In The Field

ESHRE: How to stop twins in their tracks

One of the pitfalls of having IVF is that you’re likely to end up with more than you bargained for – even when only one embryo is implanted, the likelihood of having identical twins runs at roughly seven times that for natural births. Through some ingenious time-lapse film-making, Dianna Payne of the Mio Fertility Clinic in Yonago, Japan, has now shown us how it happens.

She set up a microscope and video camera to document the first few hours and days of a growing test-tube embryo’s life. As these still images from the movei show, the embryo on the bottom left clearly features not one, but two ‘inner cell masses’ – the ball of cells that ultimately becomes a person. PAyne’s film showed how, in some cases, the cavity that makes up the rest of the ‘blastocoele’ sometimes collapses and reforms, occasionally transferring some cells to the opposite side of the embryo and resulting in two cell masses, which then go on to become identical twins.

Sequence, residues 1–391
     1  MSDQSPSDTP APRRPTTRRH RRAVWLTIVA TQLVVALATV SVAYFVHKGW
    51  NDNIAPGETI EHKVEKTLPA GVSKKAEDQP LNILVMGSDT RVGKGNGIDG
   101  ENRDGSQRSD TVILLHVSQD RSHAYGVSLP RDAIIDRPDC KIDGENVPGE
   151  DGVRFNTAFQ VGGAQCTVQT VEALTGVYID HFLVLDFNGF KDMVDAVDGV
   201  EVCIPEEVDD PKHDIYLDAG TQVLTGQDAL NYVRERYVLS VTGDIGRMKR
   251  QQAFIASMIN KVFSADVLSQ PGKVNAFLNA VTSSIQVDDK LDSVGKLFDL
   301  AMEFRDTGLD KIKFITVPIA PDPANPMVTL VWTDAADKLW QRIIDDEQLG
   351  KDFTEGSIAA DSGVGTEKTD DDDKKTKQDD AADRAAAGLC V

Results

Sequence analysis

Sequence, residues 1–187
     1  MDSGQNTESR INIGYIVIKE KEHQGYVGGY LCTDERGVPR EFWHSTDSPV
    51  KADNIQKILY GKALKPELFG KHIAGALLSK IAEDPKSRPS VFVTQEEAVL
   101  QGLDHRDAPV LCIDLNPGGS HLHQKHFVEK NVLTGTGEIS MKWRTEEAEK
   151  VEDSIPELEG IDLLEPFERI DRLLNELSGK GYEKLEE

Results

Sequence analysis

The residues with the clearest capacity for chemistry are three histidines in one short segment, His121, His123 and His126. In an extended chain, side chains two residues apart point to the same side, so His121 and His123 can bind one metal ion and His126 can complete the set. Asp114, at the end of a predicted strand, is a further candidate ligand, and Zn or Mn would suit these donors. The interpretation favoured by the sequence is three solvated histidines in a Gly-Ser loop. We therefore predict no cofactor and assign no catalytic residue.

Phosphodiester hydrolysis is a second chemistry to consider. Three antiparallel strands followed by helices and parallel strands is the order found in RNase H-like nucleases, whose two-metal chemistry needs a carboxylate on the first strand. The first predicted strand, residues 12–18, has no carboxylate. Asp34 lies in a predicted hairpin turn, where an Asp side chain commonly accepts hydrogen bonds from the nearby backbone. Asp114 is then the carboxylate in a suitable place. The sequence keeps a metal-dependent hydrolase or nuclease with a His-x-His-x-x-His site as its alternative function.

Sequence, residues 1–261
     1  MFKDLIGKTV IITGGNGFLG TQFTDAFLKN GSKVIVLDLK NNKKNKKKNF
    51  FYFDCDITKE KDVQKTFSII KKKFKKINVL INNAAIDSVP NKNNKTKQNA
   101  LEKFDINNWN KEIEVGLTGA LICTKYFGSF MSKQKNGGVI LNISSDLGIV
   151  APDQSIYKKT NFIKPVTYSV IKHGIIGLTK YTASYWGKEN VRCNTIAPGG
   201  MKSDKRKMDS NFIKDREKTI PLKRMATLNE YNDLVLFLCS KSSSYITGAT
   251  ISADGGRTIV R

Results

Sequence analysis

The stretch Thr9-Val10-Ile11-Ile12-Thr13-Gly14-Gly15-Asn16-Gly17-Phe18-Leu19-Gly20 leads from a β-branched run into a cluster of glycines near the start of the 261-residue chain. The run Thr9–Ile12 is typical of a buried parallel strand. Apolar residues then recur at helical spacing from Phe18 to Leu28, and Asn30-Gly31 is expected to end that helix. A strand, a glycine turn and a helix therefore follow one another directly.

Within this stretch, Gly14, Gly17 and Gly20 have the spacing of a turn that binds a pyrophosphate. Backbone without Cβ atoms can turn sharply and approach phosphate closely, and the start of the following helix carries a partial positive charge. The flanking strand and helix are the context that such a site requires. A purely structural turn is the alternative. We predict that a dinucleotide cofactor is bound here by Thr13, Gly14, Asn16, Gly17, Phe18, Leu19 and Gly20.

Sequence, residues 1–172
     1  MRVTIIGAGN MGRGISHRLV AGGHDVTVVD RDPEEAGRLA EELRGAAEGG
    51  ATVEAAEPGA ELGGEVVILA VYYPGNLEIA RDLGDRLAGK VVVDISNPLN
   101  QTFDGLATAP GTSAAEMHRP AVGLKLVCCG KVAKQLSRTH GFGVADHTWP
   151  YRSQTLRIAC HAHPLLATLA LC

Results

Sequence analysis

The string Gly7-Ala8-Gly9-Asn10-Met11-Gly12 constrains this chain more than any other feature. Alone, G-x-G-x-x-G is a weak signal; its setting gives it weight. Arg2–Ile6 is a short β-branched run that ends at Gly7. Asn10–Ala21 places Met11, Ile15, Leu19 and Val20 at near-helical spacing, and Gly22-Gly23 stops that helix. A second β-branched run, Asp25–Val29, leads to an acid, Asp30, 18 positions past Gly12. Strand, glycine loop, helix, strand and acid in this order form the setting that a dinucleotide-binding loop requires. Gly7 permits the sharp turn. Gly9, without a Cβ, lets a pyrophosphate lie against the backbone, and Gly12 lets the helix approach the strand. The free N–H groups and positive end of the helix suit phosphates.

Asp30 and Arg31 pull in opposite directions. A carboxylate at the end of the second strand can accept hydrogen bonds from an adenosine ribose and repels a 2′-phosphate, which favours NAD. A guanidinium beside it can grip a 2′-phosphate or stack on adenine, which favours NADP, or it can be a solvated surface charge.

Payne’s work used surplus embryos donated to research. But it has raised hopes that one day, all mothers undergoing IVF could have their embryos examined to check for this process before the embryo is transferred to the womb. Thus couples could avoid having twins… unless they really want them, of course.


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